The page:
The Guardian‘s Books Blog is hosting a tournament to determine “The Great American Novelist,” and the list of the final 32 seeded contenders, as voted by the site’s readers, is enough to raise some eyebrows—not as much for who did make the cut as for who didn’t. Guardian readers, haven’t you heard of Richard Yates?
“If you lack a competent distributor down here, then consider me at your service. Nothing would make me happier than to drive Salems off the market for good and ever. It’s without a doubt the foulest cigarette in the history of tobacco-addicted man—a tasteless mish-mash of paper and dry weeds.” Boy, Hunter S. Thompson really hated Salems.
When you think “Franz Kafka,” it typically isn’t his sunny disposition that comes to mind. According to Reiner Stach, this new collection of ephemera, however, seeks to challenge the tired, old conception of Kafka-as-tortured neurotic. Here’s a Millions review of Stach’s twin biographies of Kafka, himself.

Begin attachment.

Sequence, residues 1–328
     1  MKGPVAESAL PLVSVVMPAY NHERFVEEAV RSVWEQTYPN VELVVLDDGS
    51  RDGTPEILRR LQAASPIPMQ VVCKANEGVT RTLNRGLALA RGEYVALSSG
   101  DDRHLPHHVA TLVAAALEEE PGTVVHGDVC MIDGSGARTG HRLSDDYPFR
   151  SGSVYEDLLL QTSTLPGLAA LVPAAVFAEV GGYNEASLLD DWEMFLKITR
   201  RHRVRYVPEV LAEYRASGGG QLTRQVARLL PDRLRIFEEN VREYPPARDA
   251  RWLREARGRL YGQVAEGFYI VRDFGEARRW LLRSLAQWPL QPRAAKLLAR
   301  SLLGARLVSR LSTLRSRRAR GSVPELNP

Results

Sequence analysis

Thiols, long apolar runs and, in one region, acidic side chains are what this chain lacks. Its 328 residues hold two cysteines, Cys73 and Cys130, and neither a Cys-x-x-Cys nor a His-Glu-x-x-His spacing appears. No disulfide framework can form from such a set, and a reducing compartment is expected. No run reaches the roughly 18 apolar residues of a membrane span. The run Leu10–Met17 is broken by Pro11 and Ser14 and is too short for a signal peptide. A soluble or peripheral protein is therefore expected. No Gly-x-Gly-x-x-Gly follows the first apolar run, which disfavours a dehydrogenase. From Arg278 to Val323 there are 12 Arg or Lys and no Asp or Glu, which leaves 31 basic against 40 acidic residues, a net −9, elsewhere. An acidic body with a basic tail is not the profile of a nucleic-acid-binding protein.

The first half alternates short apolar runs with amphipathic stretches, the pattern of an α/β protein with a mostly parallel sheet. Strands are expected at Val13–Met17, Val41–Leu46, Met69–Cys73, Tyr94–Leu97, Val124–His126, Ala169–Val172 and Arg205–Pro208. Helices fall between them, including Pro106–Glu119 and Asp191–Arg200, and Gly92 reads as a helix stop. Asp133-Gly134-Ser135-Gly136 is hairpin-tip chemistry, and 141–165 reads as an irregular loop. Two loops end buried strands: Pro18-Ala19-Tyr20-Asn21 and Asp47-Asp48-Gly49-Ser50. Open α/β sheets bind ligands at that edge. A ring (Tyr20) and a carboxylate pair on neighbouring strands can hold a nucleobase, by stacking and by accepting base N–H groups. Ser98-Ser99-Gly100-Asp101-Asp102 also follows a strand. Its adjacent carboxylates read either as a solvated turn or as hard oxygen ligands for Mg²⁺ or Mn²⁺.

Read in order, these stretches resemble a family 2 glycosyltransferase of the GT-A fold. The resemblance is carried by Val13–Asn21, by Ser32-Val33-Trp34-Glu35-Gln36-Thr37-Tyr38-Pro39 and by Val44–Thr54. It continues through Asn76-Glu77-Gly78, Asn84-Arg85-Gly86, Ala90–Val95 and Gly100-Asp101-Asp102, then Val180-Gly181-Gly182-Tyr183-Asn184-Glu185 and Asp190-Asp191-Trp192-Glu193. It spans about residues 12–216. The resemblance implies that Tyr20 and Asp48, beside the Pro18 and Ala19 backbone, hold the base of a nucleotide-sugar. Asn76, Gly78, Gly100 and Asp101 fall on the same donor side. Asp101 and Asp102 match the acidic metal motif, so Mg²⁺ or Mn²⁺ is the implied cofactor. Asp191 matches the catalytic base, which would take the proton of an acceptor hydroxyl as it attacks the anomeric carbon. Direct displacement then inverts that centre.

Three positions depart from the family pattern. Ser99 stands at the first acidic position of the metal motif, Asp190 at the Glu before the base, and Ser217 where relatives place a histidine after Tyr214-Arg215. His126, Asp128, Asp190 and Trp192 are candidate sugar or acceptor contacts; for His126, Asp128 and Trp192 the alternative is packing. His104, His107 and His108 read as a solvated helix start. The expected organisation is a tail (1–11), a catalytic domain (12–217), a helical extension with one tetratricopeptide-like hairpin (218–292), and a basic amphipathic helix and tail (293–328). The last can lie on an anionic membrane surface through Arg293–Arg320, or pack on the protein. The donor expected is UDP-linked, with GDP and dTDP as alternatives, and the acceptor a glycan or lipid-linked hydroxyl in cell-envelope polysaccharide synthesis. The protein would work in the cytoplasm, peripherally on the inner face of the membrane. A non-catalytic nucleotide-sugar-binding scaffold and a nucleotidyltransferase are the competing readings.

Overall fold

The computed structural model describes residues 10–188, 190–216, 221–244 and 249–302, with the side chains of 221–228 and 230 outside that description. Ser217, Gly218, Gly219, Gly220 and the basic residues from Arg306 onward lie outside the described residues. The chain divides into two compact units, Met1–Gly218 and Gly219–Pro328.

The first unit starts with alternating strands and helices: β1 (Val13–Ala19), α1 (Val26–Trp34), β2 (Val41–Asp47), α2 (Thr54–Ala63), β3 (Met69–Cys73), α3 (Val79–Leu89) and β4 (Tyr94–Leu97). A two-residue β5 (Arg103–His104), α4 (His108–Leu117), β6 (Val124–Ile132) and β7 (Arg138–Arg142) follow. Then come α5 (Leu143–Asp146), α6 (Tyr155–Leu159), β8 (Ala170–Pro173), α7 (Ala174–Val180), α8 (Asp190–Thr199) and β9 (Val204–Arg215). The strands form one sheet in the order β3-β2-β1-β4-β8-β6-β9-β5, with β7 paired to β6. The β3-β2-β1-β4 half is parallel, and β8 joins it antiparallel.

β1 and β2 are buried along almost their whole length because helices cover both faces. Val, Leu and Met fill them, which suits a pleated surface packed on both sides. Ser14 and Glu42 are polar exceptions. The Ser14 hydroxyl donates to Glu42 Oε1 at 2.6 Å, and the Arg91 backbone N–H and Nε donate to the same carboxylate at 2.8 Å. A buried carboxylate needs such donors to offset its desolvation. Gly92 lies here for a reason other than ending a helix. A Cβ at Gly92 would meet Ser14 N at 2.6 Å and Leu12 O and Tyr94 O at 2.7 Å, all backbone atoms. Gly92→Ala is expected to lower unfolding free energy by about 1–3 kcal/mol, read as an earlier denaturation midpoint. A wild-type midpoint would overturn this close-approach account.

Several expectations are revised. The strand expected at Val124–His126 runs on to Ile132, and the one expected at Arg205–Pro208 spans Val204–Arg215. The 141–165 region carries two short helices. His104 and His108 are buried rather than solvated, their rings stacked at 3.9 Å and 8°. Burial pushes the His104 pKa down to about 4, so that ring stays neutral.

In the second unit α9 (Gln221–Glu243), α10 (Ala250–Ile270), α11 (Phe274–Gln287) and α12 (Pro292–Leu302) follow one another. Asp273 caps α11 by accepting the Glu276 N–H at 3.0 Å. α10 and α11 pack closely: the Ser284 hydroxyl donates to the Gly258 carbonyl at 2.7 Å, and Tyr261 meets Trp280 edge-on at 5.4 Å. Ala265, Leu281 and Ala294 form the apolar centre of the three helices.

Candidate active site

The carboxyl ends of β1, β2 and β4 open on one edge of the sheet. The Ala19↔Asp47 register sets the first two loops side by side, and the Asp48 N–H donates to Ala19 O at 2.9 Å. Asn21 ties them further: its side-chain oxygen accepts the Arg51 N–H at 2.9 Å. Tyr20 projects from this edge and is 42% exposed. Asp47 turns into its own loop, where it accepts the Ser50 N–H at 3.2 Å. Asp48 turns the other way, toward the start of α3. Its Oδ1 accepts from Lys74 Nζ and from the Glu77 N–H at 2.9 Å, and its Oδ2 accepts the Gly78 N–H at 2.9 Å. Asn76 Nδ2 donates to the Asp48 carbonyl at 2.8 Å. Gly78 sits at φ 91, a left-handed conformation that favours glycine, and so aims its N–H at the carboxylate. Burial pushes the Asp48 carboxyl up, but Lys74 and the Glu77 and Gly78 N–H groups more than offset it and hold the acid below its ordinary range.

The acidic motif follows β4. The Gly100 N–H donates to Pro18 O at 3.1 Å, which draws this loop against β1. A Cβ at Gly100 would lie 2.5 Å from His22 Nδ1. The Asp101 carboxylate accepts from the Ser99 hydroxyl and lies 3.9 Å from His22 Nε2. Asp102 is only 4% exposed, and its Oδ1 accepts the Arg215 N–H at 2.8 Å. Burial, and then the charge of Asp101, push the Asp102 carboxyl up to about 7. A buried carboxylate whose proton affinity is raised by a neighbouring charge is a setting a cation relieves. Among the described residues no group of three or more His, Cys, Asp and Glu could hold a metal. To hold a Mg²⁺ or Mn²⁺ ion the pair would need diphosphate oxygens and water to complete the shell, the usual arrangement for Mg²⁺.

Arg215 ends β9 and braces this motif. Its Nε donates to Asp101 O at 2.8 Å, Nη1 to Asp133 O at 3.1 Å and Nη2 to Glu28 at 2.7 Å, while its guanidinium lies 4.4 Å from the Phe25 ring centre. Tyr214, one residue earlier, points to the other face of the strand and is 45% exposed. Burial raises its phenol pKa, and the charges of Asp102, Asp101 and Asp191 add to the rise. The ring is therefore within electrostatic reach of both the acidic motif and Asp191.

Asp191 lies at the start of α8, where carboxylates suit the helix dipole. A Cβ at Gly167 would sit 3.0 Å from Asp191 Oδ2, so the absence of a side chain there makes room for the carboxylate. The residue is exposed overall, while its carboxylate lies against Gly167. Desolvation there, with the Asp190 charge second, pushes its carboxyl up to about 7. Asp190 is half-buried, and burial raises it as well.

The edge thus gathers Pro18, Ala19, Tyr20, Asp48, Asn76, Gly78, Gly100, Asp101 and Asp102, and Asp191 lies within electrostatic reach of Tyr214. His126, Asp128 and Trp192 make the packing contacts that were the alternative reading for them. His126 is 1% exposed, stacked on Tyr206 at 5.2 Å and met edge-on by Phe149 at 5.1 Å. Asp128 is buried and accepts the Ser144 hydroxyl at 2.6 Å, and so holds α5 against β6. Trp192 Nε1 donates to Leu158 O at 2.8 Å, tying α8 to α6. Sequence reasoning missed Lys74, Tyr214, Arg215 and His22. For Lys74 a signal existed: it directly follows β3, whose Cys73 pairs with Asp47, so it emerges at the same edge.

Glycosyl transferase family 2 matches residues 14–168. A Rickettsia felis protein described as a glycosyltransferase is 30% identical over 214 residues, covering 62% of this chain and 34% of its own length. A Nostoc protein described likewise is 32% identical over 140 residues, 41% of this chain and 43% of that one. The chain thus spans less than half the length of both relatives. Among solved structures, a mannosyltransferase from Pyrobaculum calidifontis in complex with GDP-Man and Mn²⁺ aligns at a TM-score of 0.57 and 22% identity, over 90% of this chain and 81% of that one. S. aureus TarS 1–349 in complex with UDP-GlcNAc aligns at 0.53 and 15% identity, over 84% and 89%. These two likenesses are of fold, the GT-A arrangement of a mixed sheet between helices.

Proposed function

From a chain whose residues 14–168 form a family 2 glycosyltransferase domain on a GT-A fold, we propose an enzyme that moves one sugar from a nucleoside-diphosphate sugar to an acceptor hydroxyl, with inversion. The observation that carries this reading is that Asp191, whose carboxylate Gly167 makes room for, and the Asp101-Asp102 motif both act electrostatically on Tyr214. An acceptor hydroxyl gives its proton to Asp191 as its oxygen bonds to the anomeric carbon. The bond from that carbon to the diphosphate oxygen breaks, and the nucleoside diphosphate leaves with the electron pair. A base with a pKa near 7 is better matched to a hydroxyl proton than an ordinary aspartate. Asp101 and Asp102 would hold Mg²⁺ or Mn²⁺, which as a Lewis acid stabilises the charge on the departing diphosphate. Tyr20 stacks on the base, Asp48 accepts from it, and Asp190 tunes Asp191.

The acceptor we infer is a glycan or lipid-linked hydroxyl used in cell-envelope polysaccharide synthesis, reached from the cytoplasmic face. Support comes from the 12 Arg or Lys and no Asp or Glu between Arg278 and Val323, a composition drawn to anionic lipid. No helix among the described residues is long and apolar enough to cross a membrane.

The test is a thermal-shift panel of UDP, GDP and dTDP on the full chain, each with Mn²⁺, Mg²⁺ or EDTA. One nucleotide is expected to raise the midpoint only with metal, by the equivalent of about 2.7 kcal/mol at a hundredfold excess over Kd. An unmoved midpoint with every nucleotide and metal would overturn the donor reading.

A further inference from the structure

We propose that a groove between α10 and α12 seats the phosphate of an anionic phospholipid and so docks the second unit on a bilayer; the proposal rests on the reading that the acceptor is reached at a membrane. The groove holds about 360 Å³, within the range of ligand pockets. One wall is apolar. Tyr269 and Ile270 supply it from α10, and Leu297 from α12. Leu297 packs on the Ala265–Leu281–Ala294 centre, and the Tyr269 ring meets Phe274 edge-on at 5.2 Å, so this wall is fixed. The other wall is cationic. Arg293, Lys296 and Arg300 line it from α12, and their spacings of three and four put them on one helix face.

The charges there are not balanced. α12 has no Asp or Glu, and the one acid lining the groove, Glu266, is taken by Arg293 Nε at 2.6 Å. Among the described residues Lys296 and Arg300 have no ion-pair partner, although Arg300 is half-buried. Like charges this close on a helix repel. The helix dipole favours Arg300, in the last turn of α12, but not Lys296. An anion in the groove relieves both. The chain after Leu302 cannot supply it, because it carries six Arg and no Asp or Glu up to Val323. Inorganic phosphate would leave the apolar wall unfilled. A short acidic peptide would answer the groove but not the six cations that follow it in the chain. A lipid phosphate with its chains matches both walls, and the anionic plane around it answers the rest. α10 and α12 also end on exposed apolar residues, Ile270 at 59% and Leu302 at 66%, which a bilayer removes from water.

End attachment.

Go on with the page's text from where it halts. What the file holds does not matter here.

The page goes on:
Nowadays, Huck Finn is as a lightning rod for racial issues, which explains why so many schools have banned the book over the years. But in the late 18th century, when Mark Twain published it, the novel was more controversial as a critique of childhood in America. In the Times, Year in Reading alum Parul Sehgal reads Huck Finn’s America, a new book by Andrew Levy that sheds light on the context of the era. You could also read our founder C. Max Magee on reading Huck Finn as a child.